I say, Huh? He says, A Girl. I say You do? He says, Yeah. We plan to marry. Marry, I say. You are not old enough to marry. I am, he says. I’m seventeen. She fifteen. Old enough. What does her mama say, I ask? Ain’t talk to her mama. What did her daddy say? Ain’t talk to him either.

 Well, what did she say? We ain’t never spoke. He ducks his head. He ain’t so bad looking. Tall and skinny, black like his mama, with great big bug eyes. Where yall see each other? I asked.

I see her in church, he says. She sees me outdoors. She likes you? I don’t know. I wink at her. She acts like she is scared to look. Where is her daddy while all this going on? Amen corner, he says.

Shug Avery is coming to town! She comes with her orchestra. She going to sing in the Lucky Star out on Coalman Road. Mr. _ going to hear her. He dresses all up in front of the glass, looks at himself, then undresses and dresses all over again. He slicks back his hair with pomade, then washes it out again. He has been spitting on his shoes and hitting them with a quick rag. He tells me, Wash this. Iron that. Look for this. Look for that. Find this. Find that. He groans over holes in his sock. I move around darning and ironing, finding hankers. Anything happening? I asked.

What do you mean? he says like he is mad. Just trying to get some of the hick farmers off myself. Any other woman is glad. I’m glad, I say. What do you mean? he asked. You look nice, I say.

Any woman is proud. You think so? he says. The first time he asked me. I’m so surprised, by the time I say Yeah, he's out on the porch, trying to shave where the light is better. I walk around all day with the announcement burning a hole in my pocket. It pink. The trees tween the turn off to our road and the store is lit up with them.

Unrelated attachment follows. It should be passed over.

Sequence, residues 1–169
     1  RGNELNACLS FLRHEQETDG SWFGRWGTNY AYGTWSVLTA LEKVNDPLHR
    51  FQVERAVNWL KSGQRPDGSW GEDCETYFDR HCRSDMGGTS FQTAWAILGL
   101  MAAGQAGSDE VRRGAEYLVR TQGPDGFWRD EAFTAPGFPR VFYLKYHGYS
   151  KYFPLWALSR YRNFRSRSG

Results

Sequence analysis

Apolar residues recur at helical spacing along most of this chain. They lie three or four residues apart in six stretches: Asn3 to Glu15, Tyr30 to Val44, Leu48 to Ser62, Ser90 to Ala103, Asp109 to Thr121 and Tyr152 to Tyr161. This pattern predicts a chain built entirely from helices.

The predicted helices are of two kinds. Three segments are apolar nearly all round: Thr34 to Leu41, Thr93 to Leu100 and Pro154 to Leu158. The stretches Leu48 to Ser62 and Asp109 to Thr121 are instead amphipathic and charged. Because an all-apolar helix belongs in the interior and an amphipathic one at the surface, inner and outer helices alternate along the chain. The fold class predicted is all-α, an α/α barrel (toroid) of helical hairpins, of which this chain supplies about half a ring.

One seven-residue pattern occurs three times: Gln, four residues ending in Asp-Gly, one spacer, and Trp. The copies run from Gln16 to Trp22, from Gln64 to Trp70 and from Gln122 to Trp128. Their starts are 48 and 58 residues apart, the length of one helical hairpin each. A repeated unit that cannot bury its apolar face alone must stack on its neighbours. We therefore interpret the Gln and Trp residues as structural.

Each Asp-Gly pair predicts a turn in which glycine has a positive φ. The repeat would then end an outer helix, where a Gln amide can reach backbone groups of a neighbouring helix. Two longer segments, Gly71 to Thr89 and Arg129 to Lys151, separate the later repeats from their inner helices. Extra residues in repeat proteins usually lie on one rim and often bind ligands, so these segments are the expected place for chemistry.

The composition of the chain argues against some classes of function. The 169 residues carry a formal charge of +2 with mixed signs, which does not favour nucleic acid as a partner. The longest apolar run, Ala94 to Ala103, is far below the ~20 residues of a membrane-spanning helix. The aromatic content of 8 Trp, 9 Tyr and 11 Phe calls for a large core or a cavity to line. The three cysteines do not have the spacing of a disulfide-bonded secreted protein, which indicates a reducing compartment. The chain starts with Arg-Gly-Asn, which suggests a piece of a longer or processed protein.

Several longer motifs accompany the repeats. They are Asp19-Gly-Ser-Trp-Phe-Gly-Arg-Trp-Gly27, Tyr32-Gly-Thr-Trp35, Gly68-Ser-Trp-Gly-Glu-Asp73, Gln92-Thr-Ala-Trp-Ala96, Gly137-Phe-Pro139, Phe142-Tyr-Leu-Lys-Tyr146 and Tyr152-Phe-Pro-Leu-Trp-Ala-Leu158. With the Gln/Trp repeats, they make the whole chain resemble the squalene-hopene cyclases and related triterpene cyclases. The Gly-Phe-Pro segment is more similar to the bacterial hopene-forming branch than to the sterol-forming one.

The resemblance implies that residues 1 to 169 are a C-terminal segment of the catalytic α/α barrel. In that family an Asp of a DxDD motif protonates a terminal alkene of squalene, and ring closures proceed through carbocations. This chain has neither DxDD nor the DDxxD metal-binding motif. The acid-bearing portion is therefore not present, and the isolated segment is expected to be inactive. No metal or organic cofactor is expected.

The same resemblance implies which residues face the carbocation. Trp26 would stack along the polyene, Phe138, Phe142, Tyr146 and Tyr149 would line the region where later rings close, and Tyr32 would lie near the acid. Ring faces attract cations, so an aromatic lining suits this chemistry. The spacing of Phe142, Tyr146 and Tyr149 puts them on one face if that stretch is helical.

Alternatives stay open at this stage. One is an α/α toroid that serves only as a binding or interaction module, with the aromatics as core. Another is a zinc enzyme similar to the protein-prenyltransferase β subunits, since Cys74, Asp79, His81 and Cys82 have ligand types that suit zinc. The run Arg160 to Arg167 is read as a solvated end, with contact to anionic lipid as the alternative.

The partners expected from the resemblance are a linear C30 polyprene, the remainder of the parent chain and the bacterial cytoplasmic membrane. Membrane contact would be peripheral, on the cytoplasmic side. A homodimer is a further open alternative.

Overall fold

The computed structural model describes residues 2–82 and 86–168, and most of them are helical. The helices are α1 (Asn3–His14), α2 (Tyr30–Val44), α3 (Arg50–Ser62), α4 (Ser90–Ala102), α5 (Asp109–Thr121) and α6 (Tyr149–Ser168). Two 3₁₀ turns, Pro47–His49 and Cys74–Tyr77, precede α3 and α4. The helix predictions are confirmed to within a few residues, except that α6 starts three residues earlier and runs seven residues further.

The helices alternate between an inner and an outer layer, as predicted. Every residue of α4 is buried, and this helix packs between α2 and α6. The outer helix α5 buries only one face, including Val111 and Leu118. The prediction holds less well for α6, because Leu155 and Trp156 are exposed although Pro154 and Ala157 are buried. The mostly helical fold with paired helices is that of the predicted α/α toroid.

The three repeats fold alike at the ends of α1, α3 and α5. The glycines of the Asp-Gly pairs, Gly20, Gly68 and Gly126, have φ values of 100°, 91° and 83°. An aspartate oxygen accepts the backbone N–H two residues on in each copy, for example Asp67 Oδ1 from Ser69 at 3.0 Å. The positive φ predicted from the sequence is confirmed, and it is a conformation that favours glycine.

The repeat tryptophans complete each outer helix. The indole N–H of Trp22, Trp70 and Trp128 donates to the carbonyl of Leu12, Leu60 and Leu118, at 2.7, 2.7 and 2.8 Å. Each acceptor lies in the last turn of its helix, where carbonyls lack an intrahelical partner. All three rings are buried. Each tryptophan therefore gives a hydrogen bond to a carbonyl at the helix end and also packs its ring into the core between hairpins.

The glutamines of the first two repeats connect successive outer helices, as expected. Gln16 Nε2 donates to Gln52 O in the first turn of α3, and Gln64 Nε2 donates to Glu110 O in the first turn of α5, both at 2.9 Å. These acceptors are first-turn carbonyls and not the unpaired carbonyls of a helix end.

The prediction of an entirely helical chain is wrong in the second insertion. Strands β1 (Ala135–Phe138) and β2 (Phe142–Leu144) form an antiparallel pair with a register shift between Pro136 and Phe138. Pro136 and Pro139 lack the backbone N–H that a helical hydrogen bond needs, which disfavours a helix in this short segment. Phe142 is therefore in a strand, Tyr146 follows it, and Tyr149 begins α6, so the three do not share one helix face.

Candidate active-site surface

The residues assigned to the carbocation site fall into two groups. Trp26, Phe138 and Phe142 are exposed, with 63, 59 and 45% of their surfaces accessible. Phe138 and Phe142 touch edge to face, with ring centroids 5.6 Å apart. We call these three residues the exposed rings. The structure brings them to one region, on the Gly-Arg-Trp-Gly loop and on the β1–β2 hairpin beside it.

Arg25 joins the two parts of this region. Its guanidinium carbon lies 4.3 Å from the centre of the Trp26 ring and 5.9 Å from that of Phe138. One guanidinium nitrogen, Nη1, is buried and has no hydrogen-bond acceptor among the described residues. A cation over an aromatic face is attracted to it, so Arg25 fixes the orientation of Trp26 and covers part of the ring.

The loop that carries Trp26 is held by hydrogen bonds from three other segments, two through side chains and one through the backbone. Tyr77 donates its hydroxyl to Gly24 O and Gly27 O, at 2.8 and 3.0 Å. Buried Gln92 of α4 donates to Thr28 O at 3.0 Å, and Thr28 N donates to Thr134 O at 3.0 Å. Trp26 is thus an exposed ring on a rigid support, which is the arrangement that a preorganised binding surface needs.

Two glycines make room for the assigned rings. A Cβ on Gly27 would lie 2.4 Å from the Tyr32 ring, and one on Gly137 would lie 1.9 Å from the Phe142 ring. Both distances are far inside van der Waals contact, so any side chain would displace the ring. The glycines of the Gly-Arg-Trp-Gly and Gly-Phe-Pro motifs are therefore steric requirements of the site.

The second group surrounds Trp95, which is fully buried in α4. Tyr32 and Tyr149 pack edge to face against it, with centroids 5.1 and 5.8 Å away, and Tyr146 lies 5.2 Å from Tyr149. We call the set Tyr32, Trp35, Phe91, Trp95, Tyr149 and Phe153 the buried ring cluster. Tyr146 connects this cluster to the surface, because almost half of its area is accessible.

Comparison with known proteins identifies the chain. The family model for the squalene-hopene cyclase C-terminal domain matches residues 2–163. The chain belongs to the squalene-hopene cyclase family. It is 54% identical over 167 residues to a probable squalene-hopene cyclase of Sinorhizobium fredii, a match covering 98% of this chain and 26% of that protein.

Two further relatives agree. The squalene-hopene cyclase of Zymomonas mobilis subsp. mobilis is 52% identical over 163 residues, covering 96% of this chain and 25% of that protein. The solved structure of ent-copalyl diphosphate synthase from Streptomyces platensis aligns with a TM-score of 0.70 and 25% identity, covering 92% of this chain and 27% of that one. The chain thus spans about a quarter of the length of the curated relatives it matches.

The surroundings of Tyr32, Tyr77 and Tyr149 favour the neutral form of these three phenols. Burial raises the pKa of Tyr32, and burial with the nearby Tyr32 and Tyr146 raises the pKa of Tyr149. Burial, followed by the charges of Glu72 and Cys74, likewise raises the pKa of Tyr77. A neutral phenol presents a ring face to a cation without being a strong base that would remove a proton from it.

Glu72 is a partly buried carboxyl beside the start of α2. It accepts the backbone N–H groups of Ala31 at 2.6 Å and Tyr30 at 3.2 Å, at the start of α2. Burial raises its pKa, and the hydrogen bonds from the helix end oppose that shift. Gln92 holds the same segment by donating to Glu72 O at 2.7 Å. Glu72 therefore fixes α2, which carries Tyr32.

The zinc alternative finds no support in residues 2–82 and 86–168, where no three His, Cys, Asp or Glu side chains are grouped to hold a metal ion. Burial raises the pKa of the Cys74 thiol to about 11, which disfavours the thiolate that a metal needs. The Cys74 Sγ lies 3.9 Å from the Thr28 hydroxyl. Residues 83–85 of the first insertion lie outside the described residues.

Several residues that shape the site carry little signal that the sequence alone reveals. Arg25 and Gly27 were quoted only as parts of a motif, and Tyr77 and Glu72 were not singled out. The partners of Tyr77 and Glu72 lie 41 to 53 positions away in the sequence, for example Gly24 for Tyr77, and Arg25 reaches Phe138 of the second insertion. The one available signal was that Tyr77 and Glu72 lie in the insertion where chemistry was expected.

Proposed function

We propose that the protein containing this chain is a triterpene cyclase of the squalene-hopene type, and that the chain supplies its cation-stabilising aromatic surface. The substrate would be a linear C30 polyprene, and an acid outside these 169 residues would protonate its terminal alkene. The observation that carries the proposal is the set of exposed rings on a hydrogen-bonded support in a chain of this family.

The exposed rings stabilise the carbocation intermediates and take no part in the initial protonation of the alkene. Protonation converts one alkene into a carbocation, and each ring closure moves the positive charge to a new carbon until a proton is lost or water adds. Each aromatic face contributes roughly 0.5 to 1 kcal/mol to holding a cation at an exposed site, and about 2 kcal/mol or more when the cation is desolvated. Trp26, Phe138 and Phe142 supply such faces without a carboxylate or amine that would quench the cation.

He got about five dozen in his trunk. Shug Avery standing upside a piano, elbow crook, hand on her hip. She wears a hat like an Indian Chief. Her mouth is openly showing all her teeth and don’t nothing seems to be troubling her mind. Come one, come all, it says.

The Queen Honeybee is back in town. Lord, I want to go so bad. Not to dance. Not to drink. Not to play cards. Not even to hear Shug Avery sing. I will just be thankful to lay eyes on her.



Mr. _____ be gone all night Saturday, all night Sunday, and most all day Monday. Shug Avery is in town for the weekend. He staggers in and throws himself on the bed. He tired. He said. He is weak. He cries. Then he sleeps the rest of the day and all night.

He wakes up while I’m in the field. I have been chopping cotton for three hours by the time he comes. We don’t say anything to each other. But I got a million questions to ask. What does she wear? Is she still the same old Shug, like in my picture? How her hair is? What kind of lipstick? Wig? She stout? She skinny? She sounds well? Tired? Sick? Where are you all children while she singing all over the place? Does she miss ’em? Questions are running back and forth through my mind. Feel like snakes.

I pray for strength, bite the insides of my jaws. Mr. _____ picks up a hoe and starts to chop. He chops bout three chops then he doesn’t chop again. He drops the hoe in the furrow, turns right back on his heel, walks back to the house, goes to get him a cool drink of water, gets his pipe, sits on the porch, and stares. I follow cause I think he is sick. Then he says, You better get on back to the field. Don’t wait for me